When I was very small, the tree at my parent’s house became sick and was cut down. I don’t exactly remember the great pine tree, but I remember it’s large, rotting stump, which was left as evidence of its towering existence on the lawn of our front yard. As a replacement, the city planted another tree in its place: a ginkgo tree.
What was once a disappointingly small, skinny sapling now towers over the two-story house, its trunk the diameter of my outstretched arms, an alarming reminder of the passage of time. I have always been fond of our ginkgo tree, with its delicate, fan-shaped leaves and its aire of exoticism, but I am developing an entirely new relationship with the plant as I begin to discover its array of clinical uses as well.
Native to China, Ginkgo biloba, or ginkgo trees are living fossils, dating back as far as 270 million years. Their leaves form beautiful green fans and contain a variety of medicinal properties.
According to Kerry Bone’s Herbal Compendium, ginkgo leaf is a good source of antioxidants, prevents and decreases the formation of plaques in the arteries and veins, increases circulation, helps improve memory and cognitive function and helps protect the nerves. Used medicinally for thousands of years in China, we are beginning to see a multitude of scientific studies evaluating the effectiveness of Ginkgo biloba for treating numerous neurological and circulatory conditions.
Claudication: A meta-analysis by Pittler in 2000 found that ginkgo extract improves claudication from peripheral artery disease, decreasing pain and increasing the amount of time and distance of pain-free walking for those who suffer from vascular leg pain.
Dementia: two meta-analyses, by Bornhoft et al in 2008 and Birks et al in 2002 found that ginkgo leaf extract showed significant benefit vs. placebo for improving cognition as evaluated by the Clinical Global Assessment and Activities of Daily Living in patients living with dementia. Heinen-Kammerer et al, 2005, published an RCT that concluded that ginkgo extra helped provide better quality of life for patients with dementia and their caregivers, slowed progression of disease and lowered treatment costs for dementia.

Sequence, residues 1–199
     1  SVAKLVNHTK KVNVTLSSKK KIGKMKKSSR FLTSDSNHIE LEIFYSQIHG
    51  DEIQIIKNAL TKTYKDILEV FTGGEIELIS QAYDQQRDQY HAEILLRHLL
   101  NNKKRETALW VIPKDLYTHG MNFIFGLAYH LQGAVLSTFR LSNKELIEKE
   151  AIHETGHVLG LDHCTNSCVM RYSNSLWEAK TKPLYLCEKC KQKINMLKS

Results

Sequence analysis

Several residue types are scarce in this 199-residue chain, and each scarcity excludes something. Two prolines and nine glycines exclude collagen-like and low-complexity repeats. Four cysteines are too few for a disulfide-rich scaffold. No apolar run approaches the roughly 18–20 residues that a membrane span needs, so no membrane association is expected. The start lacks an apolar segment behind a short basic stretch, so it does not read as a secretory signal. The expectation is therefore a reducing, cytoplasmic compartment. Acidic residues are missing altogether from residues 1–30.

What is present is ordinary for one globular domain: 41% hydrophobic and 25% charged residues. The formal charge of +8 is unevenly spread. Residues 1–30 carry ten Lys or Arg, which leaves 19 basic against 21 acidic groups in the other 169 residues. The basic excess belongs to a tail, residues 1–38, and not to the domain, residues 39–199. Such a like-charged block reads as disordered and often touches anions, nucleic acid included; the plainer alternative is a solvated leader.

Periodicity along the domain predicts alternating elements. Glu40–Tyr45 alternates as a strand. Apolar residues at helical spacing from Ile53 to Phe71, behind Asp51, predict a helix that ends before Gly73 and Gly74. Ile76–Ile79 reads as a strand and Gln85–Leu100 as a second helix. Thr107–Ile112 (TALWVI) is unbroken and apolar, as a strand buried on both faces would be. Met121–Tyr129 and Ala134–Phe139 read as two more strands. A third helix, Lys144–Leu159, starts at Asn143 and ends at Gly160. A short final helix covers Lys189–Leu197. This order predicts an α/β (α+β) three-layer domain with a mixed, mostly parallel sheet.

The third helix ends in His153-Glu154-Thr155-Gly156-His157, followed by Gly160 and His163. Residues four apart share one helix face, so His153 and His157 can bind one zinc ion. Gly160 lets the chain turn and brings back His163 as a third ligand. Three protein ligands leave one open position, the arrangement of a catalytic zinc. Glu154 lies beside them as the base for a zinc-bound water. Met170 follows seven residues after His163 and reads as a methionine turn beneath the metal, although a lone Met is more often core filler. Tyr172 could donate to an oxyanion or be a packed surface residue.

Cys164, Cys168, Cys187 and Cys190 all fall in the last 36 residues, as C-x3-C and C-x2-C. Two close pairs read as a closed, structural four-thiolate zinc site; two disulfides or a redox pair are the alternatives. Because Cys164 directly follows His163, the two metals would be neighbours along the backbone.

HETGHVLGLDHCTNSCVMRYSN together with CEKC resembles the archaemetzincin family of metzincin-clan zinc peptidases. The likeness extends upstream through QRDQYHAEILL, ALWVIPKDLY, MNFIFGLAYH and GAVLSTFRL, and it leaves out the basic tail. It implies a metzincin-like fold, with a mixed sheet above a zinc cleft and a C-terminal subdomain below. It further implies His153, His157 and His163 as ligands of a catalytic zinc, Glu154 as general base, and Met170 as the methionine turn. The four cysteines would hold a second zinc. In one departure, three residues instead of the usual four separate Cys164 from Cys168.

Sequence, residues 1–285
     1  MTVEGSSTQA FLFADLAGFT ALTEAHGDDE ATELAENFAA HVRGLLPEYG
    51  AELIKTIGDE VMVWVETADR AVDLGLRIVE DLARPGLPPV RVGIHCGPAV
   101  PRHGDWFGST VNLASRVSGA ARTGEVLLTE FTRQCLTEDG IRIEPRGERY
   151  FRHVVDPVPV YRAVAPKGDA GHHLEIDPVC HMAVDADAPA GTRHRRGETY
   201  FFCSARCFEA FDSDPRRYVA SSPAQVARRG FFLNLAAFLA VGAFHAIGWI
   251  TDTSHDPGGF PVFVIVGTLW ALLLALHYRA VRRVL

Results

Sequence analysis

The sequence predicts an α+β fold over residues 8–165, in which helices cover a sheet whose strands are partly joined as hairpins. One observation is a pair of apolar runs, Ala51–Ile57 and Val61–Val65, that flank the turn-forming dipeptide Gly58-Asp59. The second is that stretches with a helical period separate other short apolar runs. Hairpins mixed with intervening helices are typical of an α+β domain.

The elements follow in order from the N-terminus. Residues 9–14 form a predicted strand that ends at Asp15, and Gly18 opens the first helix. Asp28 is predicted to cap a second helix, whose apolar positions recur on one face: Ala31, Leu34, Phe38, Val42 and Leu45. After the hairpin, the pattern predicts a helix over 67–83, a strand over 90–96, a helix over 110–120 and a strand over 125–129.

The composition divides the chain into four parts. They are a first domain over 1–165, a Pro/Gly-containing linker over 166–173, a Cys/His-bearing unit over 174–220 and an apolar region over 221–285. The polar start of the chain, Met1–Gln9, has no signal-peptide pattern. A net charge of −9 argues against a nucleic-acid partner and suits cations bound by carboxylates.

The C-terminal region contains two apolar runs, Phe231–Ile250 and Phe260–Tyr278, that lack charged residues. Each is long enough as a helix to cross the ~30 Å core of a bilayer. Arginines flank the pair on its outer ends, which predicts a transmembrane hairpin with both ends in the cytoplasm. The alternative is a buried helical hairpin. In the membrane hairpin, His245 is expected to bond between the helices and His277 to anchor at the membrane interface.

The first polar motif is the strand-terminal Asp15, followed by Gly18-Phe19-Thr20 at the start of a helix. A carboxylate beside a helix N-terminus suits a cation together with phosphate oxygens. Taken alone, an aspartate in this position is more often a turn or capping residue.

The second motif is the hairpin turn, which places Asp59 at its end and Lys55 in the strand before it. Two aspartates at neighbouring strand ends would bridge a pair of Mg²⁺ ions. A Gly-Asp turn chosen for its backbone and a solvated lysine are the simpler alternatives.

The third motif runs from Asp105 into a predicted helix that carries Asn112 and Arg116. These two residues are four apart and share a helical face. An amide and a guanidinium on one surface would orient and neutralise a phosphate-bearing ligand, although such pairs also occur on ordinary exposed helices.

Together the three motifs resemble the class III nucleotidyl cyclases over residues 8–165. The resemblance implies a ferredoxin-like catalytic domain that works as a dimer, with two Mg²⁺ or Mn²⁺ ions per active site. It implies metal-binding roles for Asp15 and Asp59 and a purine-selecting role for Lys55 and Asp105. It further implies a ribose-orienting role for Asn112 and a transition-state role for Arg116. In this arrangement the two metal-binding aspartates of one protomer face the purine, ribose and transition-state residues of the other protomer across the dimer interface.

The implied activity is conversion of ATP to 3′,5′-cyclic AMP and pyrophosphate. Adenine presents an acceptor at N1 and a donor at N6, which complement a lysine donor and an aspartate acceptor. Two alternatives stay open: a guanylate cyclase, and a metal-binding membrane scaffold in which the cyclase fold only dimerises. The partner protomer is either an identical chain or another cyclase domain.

Memory and Mental functioning: Ginkgo has been used as a study aid for years. A small randomized control trial (RCT) published by Cieza et al in 2008 found that ginkgo leaf extract improved mental functioning in healthy patients. Another RCT by Rigney et al, 1999 found that ginkgo produced significant improvement when compared to placebo in benefiting short-term memory. A 2007 Cochrane review concluded that Ginkgo biloba shows promising evidence for improving cognition and memory function but that more research is needed to fully understand its effects.
Improved circulation: An RCT by Muir et al in 2002 found that ginkgo biloba reduced the number of attacks per week in patients with Raynaud’s syndrome. Huang et al, 2004, found that ginkgo improved blood flow in diabetic patients with retinopathy. Ahlemeyer et al, 2003 found that ginkgo leaf extract improved cerebral and arterial blood flow and helps dilate blood vessels, which is useful for patients with a history of strokes, memory impairment or high blood pressure. Wu et al, 2008 found that ginkgo extract improved coronary blood flow in elderly healthy adults, suggesting it may be useful in preventing age-related memory loss.
Mood: An RCT by Shubert et al, 1993 found small improvements in depression and Seasonal Affective Disorder treated with ginkgo extract vs. a placebo. More studies are needed to assess ginkgo’s impact on mood disorders.
PMS: Tamborini et al, 1993 found that ginkgo was effective for treating the congestive symptoms of premenstrual syndrome, such as breast distension. It also improved premenstrual neuropsychological symptoms.
Varicose veins: Ginkgo is widely used in combination with other herbs or non-herbal interventions for the treatment of varicose veins. However most studies conclude that more research is needed to decide whether or not it is effective as a therapy on its own.
Macular degeneration: According to a 2013 Cochrane review, two small trials have shown that ginkgo extract has benefit for improving vision in patients with age-related macular degeneration.
Other historical uses of Ginkgo, according to The Herbal Compendium, are treating asthma, dizziness of vascular origin, treating gangrene, promoting healing, treating ear-ringing (tinnitus), improving hearing loss, stroke and altitude sickness.
Before a big exam I often pop a few capsules of ginkgo extract to stave off brain fog and increase my performance. However, I was once told by a friend that placing my head to a tree before an exam would allow me to absorb the knowledge of all those who had been there before. And what better tree for that than a mighty, cognitive-enhancing ginkgo?
Bone, K. (2007). The Ultimate Herbal Compendium. Phytotherapy Press: Queensland.